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No. 05-826

In the Supreme Court of the United States

DOUGLAS EDWIN PIERCE, PETITIONER

v.

COLE JETER, WARDEN

ON PETITION FOR A WRIT OF CERTIORARI
TO THE UNITED STATES COURT OF APPEALS
FOR THE FIFTH CIRCUIT

BRIEF FOR THE RESPONDENT IN OPPOSITION

PAUL D. CLEMENT
Solicitor General
Counsel of Record
ALICE S. FISHER
Assistant Attorney General
LOUIS M. FISCHER
Attorney
Department of Justice
Washington, D.C. 20530-0001
(202) 514-2217

QUESTION PRESENTED

Whether the court of appeals erred in refusing to set aside the determination by the Bureau of Prisons that petitioner was not entitled to credit against his federal sentence for time he spent in state custody, where credit for that time had been awarded by the State against petitioner's state sentence.

In the Supreme Court of the United States

No. 05-826

DOUGLAS EDWIN PIERCE, PETITIONER

v.

COLE JETER, WARDEN

ON PETITION FOR A WRIT OF CERTIORARI
TO THE UNITED STATES COURT OF APPEALS
FOR THE FIFTH CIRCUIT

BRIEF FOR THE RESPONDENT IN OPPOSITION

OPINIONS BELOW

The opinion of the court of appeals (Pet. App. 1a-3a) is not published in the Federal Reporter but is reprinted in 150 F. App'x 344. The order of the district court (Pet. App. 4a-5a) is unreported.

JURISDICTION

The judgment of the court of appeals was entered on October 14, 2005. The petition for a writ of certiorari was filed on December 23, 2005. The jurisdiction of this Court is invoked under 28 U.S.C. 1254(1).

STATEMENT

In 2004, petitioner filed a petition for a writ of habeas corpus pursuant to 28 U.S.C. 2241, arguing that the Bu reau of Prisons (BOP) had erroneously failed to grant him credit for time spent in state custody. Gov't C.A. Br. 2. The district court denied his petition, Pet. App. 4a-5a, and the court of appeals affirmed, id. at 1a-3a.

1. On January 25, 2000, petitioner was arrested on state charges for engaging in organized crime and con spiring to manufacture methamphetamine. Sixteen days later, he was released on bail. On April 8, 2000, state authorities arrested him for bail jumping and failure to appear, and his bond was revoked. On January 17, 2001, while still awaiting prosecution on the state charges, petitioner was transferred into federal custody, on the basis of a writ of habeas corpus ad prosequendum, pend ing his trial on federal drug charges. App., infra, 2a; Gov't C.A. Br. 4.

Petitioner eventually pleaded guilty in the United States District Court for the Western District of Texas to conspiring to manufacture methamphetamine, in vio lation of 21 U.S.C. 841(a)(1) and 846. On January 3, 2002, the federal district court sentenced him to 78 months of imprisonment, to be followed by five years of supervised release. App., infra, 2a-3a; Gov't C.A. Br. 4- 5. The federal judgment and commitment order was silent on the relationship between the federal sentence and any future state sentence. App., infra, 15a; Pet. 2.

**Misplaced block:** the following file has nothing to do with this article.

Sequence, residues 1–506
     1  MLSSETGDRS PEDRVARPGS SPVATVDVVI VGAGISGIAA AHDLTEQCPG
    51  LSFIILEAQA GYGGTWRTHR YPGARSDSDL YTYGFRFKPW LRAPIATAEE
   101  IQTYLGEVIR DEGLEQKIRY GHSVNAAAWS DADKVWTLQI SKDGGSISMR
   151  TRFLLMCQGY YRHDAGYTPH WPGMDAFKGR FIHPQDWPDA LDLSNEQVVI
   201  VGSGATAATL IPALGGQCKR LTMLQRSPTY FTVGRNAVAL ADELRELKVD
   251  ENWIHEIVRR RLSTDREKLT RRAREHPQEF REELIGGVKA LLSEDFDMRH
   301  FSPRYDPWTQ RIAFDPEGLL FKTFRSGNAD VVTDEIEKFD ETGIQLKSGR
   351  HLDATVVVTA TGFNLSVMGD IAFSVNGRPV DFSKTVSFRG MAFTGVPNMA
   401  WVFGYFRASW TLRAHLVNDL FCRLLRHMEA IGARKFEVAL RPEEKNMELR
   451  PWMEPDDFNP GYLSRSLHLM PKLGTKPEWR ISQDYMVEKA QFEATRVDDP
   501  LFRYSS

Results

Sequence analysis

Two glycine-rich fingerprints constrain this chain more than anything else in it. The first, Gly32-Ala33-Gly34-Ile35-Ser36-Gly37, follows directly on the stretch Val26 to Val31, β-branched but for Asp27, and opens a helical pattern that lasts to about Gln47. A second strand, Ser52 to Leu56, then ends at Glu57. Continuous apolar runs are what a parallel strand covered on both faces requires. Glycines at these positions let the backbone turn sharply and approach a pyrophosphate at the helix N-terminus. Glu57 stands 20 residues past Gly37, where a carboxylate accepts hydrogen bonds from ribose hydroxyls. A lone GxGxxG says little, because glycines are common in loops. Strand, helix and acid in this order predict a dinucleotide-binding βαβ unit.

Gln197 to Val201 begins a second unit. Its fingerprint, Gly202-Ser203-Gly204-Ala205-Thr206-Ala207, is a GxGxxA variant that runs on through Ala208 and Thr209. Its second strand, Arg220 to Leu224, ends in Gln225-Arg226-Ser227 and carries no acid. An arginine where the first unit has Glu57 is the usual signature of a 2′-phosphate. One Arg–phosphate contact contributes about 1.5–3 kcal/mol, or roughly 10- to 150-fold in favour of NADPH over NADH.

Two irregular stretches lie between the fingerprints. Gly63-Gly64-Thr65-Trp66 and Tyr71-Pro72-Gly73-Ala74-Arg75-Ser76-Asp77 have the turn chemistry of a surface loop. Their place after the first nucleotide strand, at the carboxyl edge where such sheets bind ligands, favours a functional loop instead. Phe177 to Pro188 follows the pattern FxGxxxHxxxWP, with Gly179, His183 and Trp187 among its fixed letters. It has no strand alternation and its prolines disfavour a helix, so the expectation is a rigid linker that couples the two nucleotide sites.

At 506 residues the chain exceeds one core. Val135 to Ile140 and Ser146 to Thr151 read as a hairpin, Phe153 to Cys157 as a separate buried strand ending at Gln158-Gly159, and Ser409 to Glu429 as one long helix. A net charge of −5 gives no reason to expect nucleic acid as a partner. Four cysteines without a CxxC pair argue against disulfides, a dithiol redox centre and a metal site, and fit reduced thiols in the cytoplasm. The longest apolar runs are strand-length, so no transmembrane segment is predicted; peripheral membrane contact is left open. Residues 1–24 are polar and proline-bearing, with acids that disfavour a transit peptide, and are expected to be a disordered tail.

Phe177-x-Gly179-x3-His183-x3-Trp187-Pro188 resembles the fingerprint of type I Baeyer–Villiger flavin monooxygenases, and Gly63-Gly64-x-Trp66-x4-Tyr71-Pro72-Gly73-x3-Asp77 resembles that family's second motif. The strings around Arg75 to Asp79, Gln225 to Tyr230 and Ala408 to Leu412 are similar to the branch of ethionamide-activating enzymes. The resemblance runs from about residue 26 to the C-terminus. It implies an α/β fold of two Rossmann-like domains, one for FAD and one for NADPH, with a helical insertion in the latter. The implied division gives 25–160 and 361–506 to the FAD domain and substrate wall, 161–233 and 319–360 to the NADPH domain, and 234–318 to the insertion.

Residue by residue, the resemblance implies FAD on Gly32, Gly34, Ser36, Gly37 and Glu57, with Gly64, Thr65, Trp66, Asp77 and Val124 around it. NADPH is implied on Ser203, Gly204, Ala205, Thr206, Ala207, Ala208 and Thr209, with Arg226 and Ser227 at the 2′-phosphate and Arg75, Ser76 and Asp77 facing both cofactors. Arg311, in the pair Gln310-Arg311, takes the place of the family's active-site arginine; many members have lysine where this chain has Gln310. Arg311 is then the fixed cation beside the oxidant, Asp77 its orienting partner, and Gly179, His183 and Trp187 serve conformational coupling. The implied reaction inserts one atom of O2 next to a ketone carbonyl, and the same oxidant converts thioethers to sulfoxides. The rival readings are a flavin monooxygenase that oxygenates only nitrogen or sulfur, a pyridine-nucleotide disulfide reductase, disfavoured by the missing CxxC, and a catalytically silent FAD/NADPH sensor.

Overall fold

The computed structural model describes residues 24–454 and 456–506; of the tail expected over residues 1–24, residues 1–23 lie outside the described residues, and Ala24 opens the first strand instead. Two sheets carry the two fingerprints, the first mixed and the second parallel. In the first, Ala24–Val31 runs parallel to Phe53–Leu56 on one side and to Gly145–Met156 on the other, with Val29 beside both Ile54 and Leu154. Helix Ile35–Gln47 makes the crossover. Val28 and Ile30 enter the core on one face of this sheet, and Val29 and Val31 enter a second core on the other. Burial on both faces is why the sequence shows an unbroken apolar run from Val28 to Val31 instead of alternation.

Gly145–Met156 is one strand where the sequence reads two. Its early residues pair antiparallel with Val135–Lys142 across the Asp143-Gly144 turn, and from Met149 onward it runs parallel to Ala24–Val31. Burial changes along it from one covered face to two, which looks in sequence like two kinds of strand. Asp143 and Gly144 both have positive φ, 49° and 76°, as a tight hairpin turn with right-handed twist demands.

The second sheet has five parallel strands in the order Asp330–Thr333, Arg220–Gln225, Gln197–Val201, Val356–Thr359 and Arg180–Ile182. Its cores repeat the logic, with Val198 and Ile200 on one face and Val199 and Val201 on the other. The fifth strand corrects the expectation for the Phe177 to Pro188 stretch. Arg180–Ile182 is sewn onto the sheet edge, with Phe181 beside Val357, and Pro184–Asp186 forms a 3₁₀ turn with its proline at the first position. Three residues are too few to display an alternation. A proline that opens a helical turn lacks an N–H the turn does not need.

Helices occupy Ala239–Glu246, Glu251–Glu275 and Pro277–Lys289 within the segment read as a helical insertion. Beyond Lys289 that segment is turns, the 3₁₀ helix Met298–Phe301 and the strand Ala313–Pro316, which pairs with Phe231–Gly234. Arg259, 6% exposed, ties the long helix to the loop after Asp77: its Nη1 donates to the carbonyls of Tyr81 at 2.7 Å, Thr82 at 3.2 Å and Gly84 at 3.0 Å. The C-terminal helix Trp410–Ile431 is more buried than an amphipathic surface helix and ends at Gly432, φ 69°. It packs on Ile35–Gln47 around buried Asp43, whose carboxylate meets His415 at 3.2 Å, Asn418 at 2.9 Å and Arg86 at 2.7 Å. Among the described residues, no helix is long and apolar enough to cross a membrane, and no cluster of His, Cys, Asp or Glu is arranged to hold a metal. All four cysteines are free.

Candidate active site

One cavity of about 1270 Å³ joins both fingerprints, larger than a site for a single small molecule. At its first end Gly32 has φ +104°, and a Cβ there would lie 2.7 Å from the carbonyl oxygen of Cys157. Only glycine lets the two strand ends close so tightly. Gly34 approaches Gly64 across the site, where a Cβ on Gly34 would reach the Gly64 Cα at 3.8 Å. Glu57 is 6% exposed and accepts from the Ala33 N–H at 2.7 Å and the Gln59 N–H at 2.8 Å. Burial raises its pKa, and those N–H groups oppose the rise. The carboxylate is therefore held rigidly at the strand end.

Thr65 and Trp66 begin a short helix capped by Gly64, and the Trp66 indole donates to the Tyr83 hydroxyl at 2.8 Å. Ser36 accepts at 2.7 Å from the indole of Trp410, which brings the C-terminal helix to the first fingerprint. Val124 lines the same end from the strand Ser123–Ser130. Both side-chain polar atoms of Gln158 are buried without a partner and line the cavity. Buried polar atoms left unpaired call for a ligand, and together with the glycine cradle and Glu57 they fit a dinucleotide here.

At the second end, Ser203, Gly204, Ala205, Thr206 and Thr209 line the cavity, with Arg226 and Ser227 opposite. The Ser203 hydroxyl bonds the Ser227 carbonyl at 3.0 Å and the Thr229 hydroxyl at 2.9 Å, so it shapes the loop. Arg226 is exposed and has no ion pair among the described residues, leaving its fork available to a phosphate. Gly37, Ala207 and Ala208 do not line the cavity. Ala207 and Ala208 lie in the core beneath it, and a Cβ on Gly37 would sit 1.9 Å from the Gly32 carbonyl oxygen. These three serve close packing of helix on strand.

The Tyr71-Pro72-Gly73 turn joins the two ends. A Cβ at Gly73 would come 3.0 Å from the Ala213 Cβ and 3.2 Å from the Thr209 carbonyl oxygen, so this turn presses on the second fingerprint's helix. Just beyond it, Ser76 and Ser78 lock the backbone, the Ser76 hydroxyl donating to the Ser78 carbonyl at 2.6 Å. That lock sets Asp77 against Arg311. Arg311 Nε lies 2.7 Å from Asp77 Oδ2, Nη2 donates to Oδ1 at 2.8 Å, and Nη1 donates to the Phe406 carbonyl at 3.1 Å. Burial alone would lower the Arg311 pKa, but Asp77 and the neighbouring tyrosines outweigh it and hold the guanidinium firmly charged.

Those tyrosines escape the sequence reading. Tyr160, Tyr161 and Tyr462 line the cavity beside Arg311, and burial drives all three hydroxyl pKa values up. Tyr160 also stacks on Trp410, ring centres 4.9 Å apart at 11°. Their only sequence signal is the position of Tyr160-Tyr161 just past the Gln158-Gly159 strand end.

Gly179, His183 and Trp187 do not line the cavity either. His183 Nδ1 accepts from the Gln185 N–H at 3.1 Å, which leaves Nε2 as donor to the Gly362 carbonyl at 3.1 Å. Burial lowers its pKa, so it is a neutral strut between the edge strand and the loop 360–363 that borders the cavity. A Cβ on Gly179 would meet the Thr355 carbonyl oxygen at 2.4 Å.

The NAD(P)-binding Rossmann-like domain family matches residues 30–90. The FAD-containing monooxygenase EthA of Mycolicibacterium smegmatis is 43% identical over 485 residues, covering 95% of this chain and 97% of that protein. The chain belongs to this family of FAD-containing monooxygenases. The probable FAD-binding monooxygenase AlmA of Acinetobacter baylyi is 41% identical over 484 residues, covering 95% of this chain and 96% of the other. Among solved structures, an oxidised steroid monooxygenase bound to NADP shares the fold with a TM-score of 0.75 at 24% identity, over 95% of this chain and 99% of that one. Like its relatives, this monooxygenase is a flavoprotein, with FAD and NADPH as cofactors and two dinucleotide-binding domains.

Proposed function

On February 13, 2002, petitioner was returned to state officials. In state court, petitioner pleaded guilty to bail jumping, and the State dismissed the drug charges against him. Pet. 2-3; Gov't C.A. Br. 4-5. On February 21, 2002, the state court sentenced petitioner to three years of imprisonment, to be served concur rently with his federal sentence. App., infra, 3a; Gov't C.A. Br. 5; Pet. C.A. Br. Exh. H (state judgment).1

2. On June 28, 2002, petitioner was paroled from his state sentence directly to the U.S. Marshals Service for commencement of his federal sentence. Pursuant to 18 U.S.C. 3585(b) and BOP Program Statement 5880.28, Sentence Computation Manual CCCA, BOP credited petitioner with 33 days that he was in state custody be fore his federal sentencing because those days had not otherwise been credited against another sentence.2 BOP did not credit petitioner for any of the other time he served on his state sentence. App., infra, 2a-4a; Gov't C.A. Br. 5.

On October 3, 2002, as part of its process to deter mine how much credit to afford petitioner for his time in state custody, BOP contacted the Texas Department of Criminal Justice to determine the amount of credit peti tioner received on his state sentence. See App., infra, 3a-4a, 10a-11a. On October 7, 2002, BOP received infor mation from the State indicating that petitioner received credit on his state sentence from April 24, 2000, until his parole to federal authorities on June 28, 2002. See id. at 12a-13a. On May 29, 2003, BOP also contacted the Pro bation Office in the Western District of Texas to seek the views of the federal sentencing court with respect to the operation of petitioner's federal sentence in relation to his state sentence. See id. at 3a, 14a-17a.3 By letter dated June 20, 2003, the Probation Office informed BOP that "[t]he Court wishes this inmate's sentence to run consecutive to his State sentence." Id. at 18a.